# tidylo: Weighted Tidy Log Odds Ratio ⚖️

Authors: Julia Silge, Alex Hayes, Tyler Schnoebelen

How can we measure how the usage or frequency of some feature, such as words, differs across some group or set, such as documents? One option is to use the log odds ratio, but the log odds ratio alone does not account for sampling variability; we haven’t counted every feature the same number of times so how do we know which differences are meaningful?

Enter the weighted log odds, which tidylo provides an implementation for, using tidy data principles. In particular, here we use the method outlined in Monroe, Colaresi, and Quinn (2008) to weight the log odds ratio by a prior. By default, the prior is estimated from the data itself, an empirical Bayes approach, but an uninformative prior is also available.

## Installation

You can install the released version of tidylo from CRAN with:

``install.packages("tidylo")``

Or you can install the development version from GitHub with devtools:

``````# install.packages("devtools")
devtools::install_github("juliasilge/tidylo")``````

## Example

Using weighted log odds is a great approach for text analysis when we want to measure how word usage differs across a set of documents. Let’s explore the six published, completed novels of Jane Austen and use the tidytext package to count up the bigrams (sequences of two adjacent words) in each novel. This weighted log odds approach would work equally well for single words.

``````library(dplyr)
#>
#> Attaching package: 'dplyr'
#> The following objects are masked from 'package:stats':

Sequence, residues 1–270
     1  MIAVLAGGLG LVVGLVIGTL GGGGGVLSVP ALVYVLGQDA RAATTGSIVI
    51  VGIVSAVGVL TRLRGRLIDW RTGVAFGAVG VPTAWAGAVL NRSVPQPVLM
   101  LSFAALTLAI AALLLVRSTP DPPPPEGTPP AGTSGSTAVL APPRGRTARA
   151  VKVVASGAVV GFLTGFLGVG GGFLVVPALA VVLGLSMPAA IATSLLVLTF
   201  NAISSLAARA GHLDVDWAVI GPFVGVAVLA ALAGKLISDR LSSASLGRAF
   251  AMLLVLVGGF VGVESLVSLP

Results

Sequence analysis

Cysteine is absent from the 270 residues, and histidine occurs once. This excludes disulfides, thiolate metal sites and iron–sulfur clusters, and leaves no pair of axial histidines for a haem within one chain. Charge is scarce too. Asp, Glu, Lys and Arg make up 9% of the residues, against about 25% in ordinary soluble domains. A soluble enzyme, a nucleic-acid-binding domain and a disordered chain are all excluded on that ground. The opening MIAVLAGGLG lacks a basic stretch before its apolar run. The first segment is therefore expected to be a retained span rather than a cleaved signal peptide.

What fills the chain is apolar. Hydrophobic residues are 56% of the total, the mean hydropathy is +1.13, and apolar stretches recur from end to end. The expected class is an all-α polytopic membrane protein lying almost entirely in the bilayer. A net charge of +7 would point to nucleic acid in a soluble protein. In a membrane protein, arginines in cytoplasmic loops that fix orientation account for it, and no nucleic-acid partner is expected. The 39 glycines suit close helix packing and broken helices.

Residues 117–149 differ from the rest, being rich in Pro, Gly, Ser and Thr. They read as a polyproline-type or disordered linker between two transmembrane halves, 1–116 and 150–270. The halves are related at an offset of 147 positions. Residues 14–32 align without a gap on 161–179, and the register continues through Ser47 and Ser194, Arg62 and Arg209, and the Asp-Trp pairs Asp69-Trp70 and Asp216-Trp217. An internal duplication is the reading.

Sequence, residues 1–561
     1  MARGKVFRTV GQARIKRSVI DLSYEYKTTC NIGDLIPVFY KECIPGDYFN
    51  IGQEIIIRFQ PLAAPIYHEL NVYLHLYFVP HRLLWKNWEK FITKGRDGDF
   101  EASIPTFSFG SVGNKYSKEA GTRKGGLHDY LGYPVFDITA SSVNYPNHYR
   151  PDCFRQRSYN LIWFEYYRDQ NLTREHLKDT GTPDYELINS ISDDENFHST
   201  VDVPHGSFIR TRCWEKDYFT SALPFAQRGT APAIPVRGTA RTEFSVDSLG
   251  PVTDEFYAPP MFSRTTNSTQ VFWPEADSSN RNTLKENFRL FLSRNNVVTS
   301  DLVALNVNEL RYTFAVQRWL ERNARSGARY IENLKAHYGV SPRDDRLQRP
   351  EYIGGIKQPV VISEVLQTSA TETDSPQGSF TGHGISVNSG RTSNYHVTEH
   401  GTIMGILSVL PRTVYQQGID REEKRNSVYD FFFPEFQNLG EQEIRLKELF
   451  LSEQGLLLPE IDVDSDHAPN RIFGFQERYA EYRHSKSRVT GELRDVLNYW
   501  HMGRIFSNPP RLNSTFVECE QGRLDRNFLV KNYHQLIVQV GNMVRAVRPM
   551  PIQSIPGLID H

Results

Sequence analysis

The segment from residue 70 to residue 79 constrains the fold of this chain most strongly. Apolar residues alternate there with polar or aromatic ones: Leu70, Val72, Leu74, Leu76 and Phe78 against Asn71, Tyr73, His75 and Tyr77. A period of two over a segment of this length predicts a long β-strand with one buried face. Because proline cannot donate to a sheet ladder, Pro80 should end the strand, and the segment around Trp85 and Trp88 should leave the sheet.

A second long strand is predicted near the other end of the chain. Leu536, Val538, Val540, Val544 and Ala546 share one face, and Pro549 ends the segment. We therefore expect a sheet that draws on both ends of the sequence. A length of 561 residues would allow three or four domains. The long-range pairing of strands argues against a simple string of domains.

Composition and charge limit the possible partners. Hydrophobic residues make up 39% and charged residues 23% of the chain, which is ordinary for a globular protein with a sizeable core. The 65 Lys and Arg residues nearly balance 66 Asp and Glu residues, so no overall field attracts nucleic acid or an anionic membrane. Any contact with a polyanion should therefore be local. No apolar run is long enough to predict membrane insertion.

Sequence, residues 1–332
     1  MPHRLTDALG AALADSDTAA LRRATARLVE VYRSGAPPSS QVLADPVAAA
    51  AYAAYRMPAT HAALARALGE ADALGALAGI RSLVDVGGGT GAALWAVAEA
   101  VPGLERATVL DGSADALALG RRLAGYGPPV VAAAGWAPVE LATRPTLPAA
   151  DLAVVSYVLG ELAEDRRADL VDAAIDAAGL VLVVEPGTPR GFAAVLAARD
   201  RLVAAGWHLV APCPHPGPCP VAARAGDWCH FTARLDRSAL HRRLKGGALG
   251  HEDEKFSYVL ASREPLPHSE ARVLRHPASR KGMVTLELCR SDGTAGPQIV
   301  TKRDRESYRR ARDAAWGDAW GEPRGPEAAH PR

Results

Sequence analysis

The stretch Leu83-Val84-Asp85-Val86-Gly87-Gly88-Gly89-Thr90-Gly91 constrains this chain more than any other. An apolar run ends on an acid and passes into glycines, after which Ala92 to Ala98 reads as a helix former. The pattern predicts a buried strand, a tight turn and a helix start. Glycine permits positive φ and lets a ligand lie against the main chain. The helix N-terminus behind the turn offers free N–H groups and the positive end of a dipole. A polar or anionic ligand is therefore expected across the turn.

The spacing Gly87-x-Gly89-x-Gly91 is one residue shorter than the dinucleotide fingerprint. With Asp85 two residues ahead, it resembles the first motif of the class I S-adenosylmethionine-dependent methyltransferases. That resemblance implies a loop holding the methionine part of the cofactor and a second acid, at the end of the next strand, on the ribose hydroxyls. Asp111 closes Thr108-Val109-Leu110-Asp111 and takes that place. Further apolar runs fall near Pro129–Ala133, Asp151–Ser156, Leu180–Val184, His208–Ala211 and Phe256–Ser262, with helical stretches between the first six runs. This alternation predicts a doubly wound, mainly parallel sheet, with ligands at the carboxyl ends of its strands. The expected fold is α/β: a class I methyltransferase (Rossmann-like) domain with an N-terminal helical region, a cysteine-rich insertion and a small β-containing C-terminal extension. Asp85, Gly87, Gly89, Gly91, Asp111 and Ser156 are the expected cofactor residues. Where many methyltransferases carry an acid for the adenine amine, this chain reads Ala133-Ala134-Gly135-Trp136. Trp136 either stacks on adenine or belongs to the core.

#>
#>     filter, lag
#> The following objects are masked from 'package:base':
#>
#>     intersect, setdiff, setequal, union
library(janeaustenr)
library(tidytext)

tidy_bigrams <- austen_books() %>%
unnest_tokens(bigram, text, token = "ngrams", n = 2) %>%
filter(!is.na(bigram))

bigram_counts <- tidy_bigrams %>%
count(book, bigram, sort = TRUE)

bigram_counts
#> # A tibble: 300,903 × 3
#>    book                bigram     n
#>    <fct>               <chr>  <int>
#>  1 Mansfield Park      of the   712
#>  2 Mansfield Park      to be    612
#>  3 Emma                to be    586
#>  4 Mansfield Park      in the   533
#>  5 Emma                of the   529
#>  6 Pride & Prejudice   of the   439
#>  7 Emma                it was   430
#>  8 Pride & Prejudice   to be    422
#>  9 Sense & Sensibility to be    418
#> 10 Emma                in the   416
#> # … with 300,893 more rows``````

Now let’s use the `bind_log_odds()` function from the tidylo package to find the weighted log odds for each bigram. The weighted log odds computed by this function are also z-scores for the log odds; this quantity is useful for comparing frequencies across categories or sets but its relationship to an odds ratio is not straightforward after the weighting.

What are the bigrams with the highest weighted log odds for these books?

``````library(tidylo)

bigram_log_odds <- bigram_counts %>%
bind_log_odds(book, bigram, n)

bigram_log_odds %>%
arrange(-log_odds_weighted)
#> # A tibble: 300,903 × 4
#>    book                bigram                n log_odds_weighted
#>    <fct>               <chr>             <int>             <dbl>
#>  1 Mansfield Park      sir thomas          266              27.2
#>  2 Pride & Prejudice   mr darcy            230              27.0
#>  3 Emma                mr knightley        239              25.9
#>  4 Sense & Sensibility mrs jennings        185              24.3
#>  5 Emma                mrs weston          208              24.2
#>  6 Mansfield Park      miss crawford       196              23.4
#>  7 Persuasion          captain wentworth   143              23.0
#>  8 Persuasion          mr elliot           133              22.2
#>  9 Emma                mr elton            174              22.1
#> 10 Mansfield Park      mrs norris          148              20.3
#> # … with 300,893 more rows``````

The bigrams more likely to come from each book, compared to the others, involve proper nouns. We can make a visualization as well.

``````library(ggplot2)

bigram_log_odds %>%
group_by(book) %>%
slice_max(log_odds_weighted, n = 10) %>%
ungroup() %>%
mutate(bigram = reorder(bigram, log_odds_weighted)) %>%
ggplot(aes(log_odds_weighted, bigram, fill = book)) +
geom_col(show.legend = FALSE) +
facet_wrap(vars(book), scales = "free") +
labs(y = NULL)``````

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